While that vast majority of older Americans want to remain in their homes through retirement, aging in place often requires some help—and the first choice for a caregiver is often an adult child, according to research from the Center for Retirement Research at Boston College.
More than 50% of adults 85 and older will have at least one limitation related to instrumental activities of daily living (ADLs), requiring some form of help, the Center found. As more Americans head into the golden years, more care will be needed.
While not all adult children will end up needing to provide care for their elderly parents, those that do will have a high commitment, devoting an average of 77 hours per month, according to the research report, “How Much Long-Term Care Do Adult Children Provide?”
The burdens to family members is roughly the equivalent of providing two weeks of full-time work each month to care for aging parents, and caregiving can impact children’s careers and financial well-being, as well as their physical and mental health, the report found. As such, the country should put more supports and resources in place to ease the difficulties of aging on families, the research urges.
“Policymakers and the private sector must confront this prospect, with its attendant burdens on the long-term care sector and insurers of long-term care—the largest of which by far is an already overburdened Medicaid system,” the report concludes.
Home health industry groups agree.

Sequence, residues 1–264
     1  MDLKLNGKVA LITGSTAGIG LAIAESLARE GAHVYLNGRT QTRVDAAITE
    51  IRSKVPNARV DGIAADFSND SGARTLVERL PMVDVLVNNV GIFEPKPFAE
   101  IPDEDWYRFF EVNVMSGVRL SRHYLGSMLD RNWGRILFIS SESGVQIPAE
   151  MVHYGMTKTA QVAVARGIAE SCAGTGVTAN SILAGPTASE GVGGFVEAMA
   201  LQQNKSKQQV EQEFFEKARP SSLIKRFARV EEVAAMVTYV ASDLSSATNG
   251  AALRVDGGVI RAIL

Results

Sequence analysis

The National Association for Home Care & Hospice (NAHC) signed on to a letter to Congress that urges for respite and other family support programs that provide a safety net for family caregivers, the association announced in early June. NAHC, along with other health care groups, requested $5 million for a respite care program and $158 million for a family caregiver support program. Providing these resources can potentially enable seniors to age in place longer without retreating to facility-based care.
“Respite can save dollars by helping to avoid or delay out-of-home placements or hospitalizations,” NAHC stated in an announcement.
Seniors can lessen the burden on family members by utilizing personal care benefits through Medicaid or hiring private duty home care, but the informal family caregivers are still likely to shoulder most of the care in the coming years.
“As baby boomers enter their 80s, a large increase in the demand for long-term care is likely, with a commensurate rise in the reliance on care from their children,” the report reads.
Written by Amy Baxter